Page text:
Report Shows Improved Transparency in States’ Budget, Procurement Processes

Report Shows Improved Transparency in States’ Budget, Procurement Processes

James Emejo and Folalumi Alaran in Abuja

State governments have significantly improved budget transparency and participation as well as improved the robustness of their respective procurement process, a report has stated.

According to the Subnational Budget Transparency Survey 2020, which was released by the Civil Resource Development and Documentation Centre (CIRDDOC) Nigeria, 42 per cent of the states provided some information on their budget and procurement processes though with limited spaces for public participation.

It stated that 12 states significantly increased their scores by 20 points or higher while 18 states had improved their scores by at least one point.

The report, however, noted that, “These improvements were mainly due to the timely online publication of budget documents and the enactment of procurement laws meant to better guide the procurement process”.

It said only a few states regressed since 2018, with Delta and Lagos states’ scores decreasing by 21 and 22 points, respectively, adding that these states did not publish budget documents online and closed spaces for public participation.
Speaking at the launch of the report in Abuja, the Executive Director, CIRDDOC, Mrs. Ral Nwankwo Obioha, said, transparency remained an important first step to holding governments accountable on how they use the people’s resources.

According to her, budget transparency entails that all citizens should access information on how much is allocated to different types of spending, what revenues are collected, and how international donor assistance and other public resources are used.

She said: “It is against this background that CIRDDOC developed the States Budget Transparency Survey (SNBTS) project with the objectives to compare the degree of budget transparency across states; promote international best practices with regards to budgeting and budget process in the states; and to inspire and encourage the spirit of competitiveness amidst states towards promoting budget transparency and government accountability”.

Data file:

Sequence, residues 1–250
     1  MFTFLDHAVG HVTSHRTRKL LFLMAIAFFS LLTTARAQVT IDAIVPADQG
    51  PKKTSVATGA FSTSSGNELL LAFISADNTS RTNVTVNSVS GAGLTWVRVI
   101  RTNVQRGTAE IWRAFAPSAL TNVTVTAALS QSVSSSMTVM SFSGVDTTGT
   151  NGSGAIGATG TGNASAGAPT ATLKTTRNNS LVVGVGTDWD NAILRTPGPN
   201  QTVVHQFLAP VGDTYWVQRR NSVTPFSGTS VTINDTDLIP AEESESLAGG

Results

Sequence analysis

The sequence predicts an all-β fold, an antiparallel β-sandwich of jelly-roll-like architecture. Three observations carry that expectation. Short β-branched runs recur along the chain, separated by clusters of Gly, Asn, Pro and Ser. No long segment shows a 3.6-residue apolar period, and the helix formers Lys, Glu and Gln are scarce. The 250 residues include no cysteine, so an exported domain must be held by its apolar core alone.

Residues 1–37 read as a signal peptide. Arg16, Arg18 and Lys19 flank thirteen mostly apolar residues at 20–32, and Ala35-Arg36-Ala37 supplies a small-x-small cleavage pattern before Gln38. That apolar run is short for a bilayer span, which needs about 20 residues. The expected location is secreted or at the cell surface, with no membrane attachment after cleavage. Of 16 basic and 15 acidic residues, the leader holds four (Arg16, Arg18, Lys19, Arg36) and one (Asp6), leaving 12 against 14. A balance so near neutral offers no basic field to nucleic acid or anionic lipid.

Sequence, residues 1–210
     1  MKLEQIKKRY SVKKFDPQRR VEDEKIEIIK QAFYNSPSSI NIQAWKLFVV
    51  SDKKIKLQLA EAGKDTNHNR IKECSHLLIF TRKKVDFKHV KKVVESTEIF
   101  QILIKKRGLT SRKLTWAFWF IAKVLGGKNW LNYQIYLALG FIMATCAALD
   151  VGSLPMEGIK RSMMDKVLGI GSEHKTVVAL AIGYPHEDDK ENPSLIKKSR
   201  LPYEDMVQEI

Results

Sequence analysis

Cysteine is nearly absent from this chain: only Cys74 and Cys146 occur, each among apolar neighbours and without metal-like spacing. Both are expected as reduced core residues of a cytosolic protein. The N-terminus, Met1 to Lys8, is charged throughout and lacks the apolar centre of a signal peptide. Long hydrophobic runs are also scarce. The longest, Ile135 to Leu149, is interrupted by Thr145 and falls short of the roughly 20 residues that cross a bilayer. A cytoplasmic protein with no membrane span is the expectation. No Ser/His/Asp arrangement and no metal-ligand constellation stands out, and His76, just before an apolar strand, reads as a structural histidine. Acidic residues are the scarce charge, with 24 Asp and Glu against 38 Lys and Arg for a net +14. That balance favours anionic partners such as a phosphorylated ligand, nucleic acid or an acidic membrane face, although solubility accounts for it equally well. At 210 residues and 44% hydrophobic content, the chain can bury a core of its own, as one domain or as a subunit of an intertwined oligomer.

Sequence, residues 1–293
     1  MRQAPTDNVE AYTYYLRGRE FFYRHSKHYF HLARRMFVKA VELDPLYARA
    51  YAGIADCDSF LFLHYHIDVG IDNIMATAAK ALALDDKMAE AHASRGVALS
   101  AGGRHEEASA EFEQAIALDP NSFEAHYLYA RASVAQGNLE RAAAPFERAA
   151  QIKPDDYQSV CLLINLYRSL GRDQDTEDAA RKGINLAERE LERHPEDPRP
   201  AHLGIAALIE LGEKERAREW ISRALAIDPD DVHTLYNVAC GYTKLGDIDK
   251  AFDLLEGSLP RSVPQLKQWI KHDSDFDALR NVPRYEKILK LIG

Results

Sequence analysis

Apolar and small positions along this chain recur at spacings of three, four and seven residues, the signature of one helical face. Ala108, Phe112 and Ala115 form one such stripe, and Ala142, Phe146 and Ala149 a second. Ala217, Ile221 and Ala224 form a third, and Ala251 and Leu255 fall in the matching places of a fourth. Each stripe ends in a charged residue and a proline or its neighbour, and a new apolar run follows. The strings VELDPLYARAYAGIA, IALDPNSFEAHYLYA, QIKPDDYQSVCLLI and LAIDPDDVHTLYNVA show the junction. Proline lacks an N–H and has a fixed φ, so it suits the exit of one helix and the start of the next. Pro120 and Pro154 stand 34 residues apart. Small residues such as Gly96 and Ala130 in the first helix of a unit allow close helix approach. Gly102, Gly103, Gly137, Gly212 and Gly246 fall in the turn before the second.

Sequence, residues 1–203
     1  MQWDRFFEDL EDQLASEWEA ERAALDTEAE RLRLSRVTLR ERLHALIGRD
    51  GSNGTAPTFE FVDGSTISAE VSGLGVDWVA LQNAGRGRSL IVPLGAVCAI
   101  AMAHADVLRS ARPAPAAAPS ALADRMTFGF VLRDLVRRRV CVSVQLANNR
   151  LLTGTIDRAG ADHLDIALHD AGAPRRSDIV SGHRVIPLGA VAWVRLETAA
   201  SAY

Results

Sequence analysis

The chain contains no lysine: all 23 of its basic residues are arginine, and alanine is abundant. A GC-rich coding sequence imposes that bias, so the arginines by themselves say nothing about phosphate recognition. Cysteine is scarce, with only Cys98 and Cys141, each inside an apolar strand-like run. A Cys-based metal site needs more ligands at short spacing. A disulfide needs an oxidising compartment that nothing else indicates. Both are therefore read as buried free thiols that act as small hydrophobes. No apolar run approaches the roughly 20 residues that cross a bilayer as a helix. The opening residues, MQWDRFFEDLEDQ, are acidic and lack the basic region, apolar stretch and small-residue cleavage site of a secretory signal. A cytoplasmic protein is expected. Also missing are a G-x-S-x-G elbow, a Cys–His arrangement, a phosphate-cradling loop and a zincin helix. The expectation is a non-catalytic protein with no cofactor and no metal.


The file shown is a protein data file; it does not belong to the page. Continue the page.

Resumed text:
Jigawa State, which retained its top position continued to provide citizens with extensive budget information, and had mechanisms for public consultation throughout the budget process, as well as an open and robust procurement process.
CIRDDOC noted that Akwa Ibom, Ekiti, Kaduna, and Ondo states provided significant budget information, spaces for public participation throughout the budget process, and information on procurement.

The majority of states, however, provided minimal to some information on the budget, few spaces for public participation, and limited information on the procurement process.
“Only Oyo and Zamfara states provided almost no budget information, had non-existent spaces for public consultation, and opaque procurement processes.

“Budgets are very technical by nature. Budget debates are often relegated to economists and other experts, limiting the broader public’s input on the sources of public resources, how these resources are spent, and who benefits from public expenditure,” the report statedid.
It added: “Budget debates, however, shouldn’t be limited to experts. All citizens have the right to participate in the budget process and to know where public resources come from, how they are spent, and how expenditure is linked to achieving development goals.”

It further stated that all 36 states were evaluated to see how much budget information is provided, spaces and mechanisms for public participation throughout the budget process, and how robust and transparent the procurement process is in the states.
On public availability of key budget documents, he report pointed out that an overwhelming majority of states improved their 2020 scores on the topic.

It stated: “The worst performers were Zamfara and Oyo states with scores of 21 and five, respectively. Oyo state in particular made no budget documents available online; after a careful search, none of the links on the state’s website for their budget documents worked.

“Nine states had lower scores than in 2018; of these nine, five saw their scores drop less than 10 points, while Delta, Lagos, and Niger states’ scores decreased by more than 10 points.
“This is due to these states not publishing documents online that either were previously made available on request (namely Lagos and Niger states) or previously posted on their site (Delta state).”

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